Lawmakers want to stop the US military from naming things for Confederate soldiers. These 10 bases are still symbols of the Confederacy
Capt. Justin Wright / US Army / DVIDS
- The House of Representatives passed the defense spending bill with a measure preventing the Pentagon from further honoring the Confederacy. The US military, which defeated the Confederacy after a devastating toll of 620,000 dead, currently used 10 bases named for Confederate soldiers.
- Fort Lee, in Virginia, is named after Gen. Robert E. Lee, the commander of the Confederate States Army and a slaveholder.
- There's no plan to rename the installations that honor the Confederacy.
- The measure comes amid a cultural reckoning about the legacy of the Civil War, with many citizens demanding the removal of statutes honoring leaders of a movement that fought to defend the enslavement of black people.
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The United States is still grappling with the legacy of the Civil War, but legislators in the House of Representatives are moving to prevent the military from naming any assets - including bases and warships - after Confederate soldiers or any locations of Confederate victory, Politico reported.
A draft of the National Defense Authorization Act passed the House last week, and contains explicit language barring the practice. Even if this amendment is signed into law, it wouldn't retroactively apply to assets currently honoring the Confederacy like the cruiser USS Chancellorsville, named for an important Confederate victory.
After a significant cultural reckoning with the legacy of the Confederacy, including the removal of statues and monuments honoring the Confederate dead, the military still uses 10 bases that honor Confederate soldiers - men that fought to uphold the practice of slavery.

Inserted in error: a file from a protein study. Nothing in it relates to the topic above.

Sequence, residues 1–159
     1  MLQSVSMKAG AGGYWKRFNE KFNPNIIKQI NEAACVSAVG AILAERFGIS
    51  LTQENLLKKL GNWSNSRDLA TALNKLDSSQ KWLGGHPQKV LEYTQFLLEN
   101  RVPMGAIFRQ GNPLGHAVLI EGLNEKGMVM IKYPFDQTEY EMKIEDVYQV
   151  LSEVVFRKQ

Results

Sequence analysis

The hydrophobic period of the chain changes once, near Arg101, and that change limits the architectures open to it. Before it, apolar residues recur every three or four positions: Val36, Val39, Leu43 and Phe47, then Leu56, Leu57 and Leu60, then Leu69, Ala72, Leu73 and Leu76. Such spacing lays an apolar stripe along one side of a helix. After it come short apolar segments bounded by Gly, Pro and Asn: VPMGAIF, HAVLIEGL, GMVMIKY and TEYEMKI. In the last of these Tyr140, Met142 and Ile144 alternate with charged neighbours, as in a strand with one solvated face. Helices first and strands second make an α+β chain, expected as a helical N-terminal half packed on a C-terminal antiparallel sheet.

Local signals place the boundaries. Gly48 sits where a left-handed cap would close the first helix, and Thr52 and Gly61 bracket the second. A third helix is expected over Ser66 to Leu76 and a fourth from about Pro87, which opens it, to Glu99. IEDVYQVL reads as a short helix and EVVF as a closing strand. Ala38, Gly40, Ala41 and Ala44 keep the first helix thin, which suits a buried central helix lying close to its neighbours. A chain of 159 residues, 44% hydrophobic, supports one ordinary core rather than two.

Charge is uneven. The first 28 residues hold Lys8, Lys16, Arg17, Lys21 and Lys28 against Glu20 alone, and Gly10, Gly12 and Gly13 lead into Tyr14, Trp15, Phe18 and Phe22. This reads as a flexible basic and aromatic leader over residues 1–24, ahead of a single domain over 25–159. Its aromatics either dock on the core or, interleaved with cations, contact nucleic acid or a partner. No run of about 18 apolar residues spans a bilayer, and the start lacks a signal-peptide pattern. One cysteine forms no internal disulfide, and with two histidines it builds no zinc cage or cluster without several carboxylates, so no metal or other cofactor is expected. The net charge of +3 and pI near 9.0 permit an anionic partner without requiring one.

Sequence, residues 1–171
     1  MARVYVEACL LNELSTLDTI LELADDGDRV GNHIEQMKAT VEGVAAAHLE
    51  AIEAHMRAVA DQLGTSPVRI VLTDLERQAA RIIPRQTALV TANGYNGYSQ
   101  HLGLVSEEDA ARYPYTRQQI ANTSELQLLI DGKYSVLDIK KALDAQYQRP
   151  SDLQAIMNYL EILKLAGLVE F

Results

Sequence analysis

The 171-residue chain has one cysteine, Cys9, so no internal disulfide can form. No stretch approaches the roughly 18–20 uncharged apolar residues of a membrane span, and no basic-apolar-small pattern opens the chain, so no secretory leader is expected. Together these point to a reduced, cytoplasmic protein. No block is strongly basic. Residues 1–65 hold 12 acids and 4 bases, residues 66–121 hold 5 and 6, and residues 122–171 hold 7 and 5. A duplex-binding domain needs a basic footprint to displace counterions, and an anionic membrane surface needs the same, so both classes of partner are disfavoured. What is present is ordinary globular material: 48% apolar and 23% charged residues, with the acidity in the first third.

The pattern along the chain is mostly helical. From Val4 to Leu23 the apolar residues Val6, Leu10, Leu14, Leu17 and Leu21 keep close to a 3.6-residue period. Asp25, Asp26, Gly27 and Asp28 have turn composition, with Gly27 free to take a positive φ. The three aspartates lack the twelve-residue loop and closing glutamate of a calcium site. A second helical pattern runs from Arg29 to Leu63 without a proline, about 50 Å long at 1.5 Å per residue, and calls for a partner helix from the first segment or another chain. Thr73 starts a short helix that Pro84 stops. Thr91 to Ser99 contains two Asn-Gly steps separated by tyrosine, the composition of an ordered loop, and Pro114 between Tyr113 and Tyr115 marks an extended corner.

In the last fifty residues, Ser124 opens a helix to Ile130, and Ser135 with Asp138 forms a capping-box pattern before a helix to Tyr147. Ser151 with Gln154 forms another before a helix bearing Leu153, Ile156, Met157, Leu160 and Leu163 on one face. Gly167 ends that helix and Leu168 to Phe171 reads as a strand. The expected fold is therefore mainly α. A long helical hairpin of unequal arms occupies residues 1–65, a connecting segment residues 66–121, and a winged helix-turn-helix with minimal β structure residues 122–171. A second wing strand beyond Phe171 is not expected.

"We are naming ships of the United States Navy after people who fought war against the United States," a veteran told Navy Times.
Ft. Bragg in Fayetteville, North Carolina is named for Confederate Gen. Braxton Bragg.
Bragg came out of retirement to fight for the Confederacy.
Fort A.P. Hill is named for Ambrose Powell Hill, who was killed in the Civil War.
A.P. Hill served in the Confederate army.
Fort Lee is named for Gen. Robert E. Lee, perhaps the most famous Confederate general.
Robert E. Lee was one of the Confederacy's most famous figures. He surrendered to General Ulysses S. Grant in 1865, ending the Civil War.
Fort Pickett is named for Maj. Gen. George Pickett, who led an eponymous, ill-fated charge in the Battle of Gettysburg.
Maj. Gen. George Pickett left the US Army to join the Confederate Army in 1861.
Fort Gordon is home to the US Army Cyber Corps and Signal Corps.
John Brown Gordon had no military experience before joining the Confederate Army.
Fort Benning, also in Georgia, is named for Brig. Gen. Henry Benning, who was born in Georgia.
Fort Rucker is named after Col. Edmund Rucker.
Louisiana's Camp Beauregard is named for Gen. Pierre Gustave Toutant Beauregard.
Louisiana's Fort Polk is named for Lt. Gen. Leonidas Polk.
Fort Hood is named for Confederate Gen. John Bell Hood.
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